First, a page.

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Most fine woodworking projects are made with hardwood or wood from deciduous trees. This lumber is often available in a wide variety of grades and levels of surfacing. The range of grades includes FAS (first and seconds), Number 1 Common (1C), Number 2 Common (2C) etc. In addition to the grade, hardwood is often sold with varying degrees of surfacing as shown in the chart below:
|Abbreviation||Level of Surfacing|
|S1S||Surfaced one side|
|S2S||Surfaced two sides|
|S4S||Surfaced four sides|
|S1S1E||Surfaced one side, one edge|
|S1S2E||Surfaced one side, two edges|
'Rough lumber' refers to boards that are not surfaced at all and it is sold as cut from the sawmill. The faces of this wood are, as the name suggests, rough. Such wood must be surfaced before it is useful in most woodworking projects.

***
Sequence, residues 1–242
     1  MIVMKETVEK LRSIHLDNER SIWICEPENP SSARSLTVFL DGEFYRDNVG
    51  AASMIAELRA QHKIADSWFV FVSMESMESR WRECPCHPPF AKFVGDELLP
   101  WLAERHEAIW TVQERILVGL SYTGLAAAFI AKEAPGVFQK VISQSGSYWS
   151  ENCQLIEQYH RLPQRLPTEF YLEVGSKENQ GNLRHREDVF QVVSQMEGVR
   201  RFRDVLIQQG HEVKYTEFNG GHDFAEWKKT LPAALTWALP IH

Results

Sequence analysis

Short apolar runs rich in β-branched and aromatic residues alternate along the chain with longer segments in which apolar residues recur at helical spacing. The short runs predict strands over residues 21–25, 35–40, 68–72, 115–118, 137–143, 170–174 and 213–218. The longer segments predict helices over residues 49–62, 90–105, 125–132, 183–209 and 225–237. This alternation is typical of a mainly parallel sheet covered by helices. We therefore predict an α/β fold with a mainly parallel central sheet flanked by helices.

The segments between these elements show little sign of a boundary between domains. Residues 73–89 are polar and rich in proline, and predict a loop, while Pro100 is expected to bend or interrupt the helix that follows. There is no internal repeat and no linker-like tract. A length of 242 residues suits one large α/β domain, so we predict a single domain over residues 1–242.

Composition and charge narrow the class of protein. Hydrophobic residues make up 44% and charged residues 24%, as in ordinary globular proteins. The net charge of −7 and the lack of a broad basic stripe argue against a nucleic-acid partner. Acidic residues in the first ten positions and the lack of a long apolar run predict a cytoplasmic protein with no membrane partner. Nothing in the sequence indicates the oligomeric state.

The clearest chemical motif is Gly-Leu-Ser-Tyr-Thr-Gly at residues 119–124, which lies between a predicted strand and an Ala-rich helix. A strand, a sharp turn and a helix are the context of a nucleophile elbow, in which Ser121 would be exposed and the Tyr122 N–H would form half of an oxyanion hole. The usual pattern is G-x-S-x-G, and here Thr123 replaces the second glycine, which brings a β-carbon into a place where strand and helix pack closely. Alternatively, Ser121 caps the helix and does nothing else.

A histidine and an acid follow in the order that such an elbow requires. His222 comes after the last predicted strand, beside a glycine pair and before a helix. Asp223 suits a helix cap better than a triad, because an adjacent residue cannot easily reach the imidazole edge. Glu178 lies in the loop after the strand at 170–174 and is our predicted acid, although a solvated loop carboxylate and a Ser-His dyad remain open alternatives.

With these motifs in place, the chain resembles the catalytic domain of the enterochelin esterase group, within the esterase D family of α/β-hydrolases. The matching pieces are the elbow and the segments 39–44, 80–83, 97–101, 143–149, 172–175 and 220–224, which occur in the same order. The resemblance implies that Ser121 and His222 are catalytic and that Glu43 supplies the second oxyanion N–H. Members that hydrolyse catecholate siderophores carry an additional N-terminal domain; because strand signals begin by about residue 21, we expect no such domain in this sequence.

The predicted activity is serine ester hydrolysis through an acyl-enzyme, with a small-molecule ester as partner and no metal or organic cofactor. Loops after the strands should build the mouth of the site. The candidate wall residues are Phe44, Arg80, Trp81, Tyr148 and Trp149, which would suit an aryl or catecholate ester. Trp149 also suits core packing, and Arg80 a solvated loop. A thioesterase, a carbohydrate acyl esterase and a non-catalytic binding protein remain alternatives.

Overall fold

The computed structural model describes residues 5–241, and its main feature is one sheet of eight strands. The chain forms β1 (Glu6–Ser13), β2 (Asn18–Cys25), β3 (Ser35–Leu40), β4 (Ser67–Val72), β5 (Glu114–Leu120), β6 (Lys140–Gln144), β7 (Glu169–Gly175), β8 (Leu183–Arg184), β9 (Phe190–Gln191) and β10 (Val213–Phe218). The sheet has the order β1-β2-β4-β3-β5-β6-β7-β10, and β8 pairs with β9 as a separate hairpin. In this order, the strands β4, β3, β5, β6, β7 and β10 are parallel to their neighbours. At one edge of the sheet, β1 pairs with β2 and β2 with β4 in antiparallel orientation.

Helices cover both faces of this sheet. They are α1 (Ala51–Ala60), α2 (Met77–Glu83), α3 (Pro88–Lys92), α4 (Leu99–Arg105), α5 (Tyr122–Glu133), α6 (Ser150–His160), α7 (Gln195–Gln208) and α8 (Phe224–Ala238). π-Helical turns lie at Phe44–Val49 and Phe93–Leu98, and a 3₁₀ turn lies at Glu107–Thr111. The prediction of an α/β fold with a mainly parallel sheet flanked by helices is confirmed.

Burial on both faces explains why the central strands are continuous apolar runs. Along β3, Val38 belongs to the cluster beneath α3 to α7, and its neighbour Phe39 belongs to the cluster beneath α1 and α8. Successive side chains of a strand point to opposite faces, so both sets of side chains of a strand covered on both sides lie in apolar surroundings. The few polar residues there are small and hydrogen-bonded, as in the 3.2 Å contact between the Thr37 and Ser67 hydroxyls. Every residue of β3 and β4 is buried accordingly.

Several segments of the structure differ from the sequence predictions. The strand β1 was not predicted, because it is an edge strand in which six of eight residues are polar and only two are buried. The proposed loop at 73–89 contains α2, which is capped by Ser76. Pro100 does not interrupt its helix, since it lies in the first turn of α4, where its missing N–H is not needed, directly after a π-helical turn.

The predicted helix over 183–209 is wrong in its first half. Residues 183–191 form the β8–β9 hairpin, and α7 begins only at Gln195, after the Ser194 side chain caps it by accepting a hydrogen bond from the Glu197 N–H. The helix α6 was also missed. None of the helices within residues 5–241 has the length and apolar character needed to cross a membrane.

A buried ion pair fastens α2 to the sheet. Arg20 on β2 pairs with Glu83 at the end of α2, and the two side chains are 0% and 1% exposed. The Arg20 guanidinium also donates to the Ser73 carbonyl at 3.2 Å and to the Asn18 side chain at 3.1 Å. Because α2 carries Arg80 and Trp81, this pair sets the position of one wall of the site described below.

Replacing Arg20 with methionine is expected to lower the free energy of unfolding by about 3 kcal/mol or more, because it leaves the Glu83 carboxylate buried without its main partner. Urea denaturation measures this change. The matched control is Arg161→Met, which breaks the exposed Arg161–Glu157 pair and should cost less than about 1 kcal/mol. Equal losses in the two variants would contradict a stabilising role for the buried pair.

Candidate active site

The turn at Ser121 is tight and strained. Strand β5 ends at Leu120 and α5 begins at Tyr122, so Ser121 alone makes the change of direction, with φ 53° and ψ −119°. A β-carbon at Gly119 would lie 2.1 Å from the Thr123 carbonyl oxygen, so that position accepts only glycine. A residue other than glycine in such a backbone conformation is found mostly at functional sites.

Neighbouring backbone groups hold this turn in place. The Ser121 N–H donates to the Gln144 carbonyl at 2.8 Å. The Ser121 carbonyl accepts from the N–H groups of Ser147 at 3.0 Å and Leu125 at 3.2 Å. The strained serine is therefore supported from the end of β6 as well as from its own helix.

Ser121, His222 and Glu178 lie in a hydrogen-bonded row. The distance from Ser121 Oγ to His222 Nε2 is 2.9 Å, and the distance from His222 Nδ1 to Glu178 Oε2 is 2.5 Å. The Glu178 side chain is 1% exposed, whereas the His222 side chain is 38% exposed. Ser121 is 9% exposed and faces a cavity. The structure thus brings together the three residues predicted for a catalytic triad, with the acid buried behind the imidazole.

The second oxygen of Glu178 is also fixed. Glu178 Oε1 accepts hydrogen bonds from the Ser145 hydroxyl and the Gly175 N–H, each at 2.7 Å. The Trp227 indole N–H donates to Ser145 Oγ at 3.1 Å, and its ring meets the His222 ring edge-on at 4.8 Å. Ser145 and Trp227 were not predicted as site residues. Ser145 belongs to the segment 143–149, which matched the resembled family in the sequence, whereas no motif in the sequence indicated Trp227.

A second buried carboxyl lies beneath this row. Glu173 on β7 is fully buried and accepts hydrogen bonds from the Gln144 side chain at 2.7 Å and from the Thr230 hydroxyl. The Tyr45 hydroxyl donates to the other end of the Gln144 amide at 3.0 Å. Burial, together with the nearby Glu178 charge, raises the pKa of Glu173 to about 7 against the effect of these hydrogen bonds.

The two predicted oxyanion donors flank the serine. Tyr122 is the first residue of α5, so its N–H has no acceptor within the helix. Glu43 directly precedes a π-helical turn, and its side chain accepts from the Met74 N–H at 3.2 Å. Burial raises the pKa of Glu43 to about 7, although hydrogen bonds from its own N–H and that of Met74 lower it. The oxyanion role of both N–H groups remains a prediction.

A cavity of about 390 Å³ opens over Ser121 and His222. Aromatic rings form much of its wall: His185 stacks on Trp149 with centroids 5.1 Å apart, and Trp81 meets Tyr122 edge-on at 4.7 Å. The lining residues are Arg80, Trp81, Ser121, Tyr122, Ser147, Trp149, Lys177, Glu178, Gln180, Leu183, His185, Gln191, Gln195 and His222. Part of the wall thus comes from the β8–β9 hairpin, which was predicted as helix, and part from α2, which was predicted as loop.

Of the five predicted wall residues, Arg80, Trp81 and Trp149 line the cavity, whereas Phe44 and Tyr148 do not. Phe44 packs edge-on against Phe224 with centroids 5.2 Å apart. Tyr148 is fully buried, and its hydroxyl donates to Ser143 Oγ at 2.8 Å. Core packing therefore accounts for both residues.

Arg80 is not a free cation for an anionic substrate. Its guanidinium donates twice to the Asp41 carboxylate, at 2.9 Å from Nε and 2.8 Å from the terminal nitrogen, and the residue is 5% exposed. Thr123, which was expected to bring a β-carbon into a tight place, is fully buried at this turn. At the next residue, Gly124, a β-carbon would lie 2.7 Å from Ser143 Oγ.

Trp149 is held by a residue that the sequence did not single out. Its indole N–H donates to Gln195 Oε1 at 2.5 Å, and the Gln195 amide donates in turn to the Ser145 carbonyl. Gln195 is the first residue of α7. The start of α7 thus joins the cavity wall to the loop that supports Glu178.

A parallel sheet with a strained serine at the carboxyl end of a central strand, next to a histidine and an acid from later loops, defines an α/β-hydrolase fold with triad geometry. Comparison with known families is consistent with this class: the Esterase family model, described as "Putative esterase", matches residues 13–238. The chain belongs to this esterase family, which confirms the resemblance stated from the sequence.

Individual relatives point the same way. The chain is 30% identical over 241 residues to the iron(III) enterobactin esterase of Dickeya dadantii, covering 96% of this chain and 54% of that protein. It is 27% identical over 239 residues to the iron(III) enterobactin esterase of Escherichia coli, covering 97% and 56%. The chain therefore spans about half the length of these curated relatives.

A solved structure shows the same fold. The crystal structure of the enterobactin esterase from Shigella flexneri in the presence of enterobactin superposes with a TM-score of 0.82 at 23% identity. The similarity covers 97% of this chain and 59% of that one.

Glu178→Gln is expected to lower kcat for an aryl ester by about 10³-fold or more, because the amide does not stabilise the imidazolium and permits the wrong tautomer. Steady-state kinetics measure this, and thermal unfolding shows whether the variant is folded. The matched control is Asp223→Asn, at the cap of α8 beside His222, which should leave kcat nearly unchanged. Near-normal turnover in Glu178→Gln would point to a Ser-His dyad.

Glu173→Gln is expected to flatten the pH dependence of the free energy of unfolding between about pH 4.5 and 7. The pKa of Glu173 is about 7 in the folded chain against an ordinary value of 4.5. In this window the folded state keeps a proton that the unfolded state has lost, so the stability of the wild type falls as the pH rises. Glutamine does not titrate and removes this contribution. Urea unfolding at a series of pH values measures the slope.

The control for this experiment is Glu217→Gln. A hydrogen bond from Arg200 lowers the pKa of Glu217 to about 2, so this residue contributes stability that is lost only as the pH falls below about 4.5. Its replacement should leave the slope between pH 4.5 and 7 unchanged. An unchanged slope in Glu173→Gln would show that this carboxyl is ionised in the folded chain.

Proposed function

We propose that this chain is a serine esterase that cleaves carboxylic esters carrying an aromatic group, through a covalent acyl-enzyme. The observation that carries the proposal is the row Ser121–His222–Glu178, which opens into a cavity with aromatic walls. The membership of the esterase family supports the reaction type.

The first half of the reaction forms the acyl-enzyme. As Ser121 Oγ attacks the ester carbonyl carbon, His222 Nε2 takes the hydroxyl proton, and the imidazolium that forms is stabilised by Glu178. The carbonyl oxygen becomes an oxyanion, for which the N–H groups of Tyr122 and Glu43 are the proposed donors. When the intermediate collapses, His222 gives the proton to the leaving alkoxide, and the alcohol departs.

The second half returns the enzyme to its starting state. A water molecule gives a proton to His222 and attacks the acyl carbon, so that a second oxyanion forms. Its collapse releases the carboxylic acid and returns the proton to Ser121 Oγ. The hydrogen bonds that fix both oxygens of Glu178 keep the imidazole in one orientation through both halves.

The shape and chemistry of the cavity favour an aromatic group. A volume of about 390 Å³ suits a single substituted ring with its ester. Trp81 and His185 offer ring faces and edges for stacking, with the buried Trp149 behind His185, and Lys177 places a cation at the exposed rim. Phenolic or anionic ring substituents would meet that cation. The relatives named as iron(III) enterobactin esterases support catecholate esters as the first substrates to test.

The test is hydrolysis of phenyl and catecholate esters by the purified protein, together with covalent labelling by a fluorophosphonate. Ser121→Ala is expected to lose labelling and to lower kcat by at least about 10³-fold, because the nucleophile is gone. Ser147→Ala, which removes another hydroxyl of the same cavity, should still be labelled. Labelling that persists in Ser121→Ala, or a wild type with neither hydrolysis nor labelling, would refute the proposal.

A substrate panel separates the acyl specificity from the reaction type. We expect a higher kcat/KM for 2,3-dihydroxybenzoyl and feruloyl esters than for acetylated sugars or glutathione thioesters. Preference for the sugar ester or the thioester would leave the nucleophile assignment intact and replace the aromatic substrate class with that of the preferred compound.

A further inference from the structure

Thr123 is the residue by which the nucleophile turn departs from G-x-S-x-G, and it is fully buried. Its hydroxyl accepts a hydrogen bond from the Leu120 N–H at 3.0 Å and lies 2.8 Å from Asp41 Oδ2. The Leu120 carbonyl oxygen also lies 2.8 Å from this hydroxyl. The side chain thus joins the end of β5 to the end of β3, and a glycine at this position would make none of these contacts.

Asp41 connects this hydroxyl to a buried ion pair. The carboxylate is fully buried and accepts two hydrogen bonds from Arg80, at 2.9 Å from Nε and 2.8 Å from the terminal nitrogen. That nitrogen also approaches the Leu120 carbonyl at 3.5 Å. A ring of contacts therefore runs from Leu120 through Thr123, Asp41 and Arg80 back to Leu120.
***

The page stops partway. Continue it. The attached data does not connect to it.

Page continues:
Woodworkers often have a difficult time inspecting the grain and other features of rough boards since much of the beauty is hidden below the coarse surface. Despite the inconvenience of having to surface all the boards, many woodworkers opt for rough lumber anyway. Why? First, rough lumber is usually cheaper than surfaced wood. In addition to money savings, rough lumber gives woodworkers the maximum amount of control over their projects. During the surfacing process, the craftsperson can carefully remove just the amount of wood necessary to create flat boards. Furthermore, a skilled woodworker can often produce flatter boards than the high-speed surfacers used by lumber yards.
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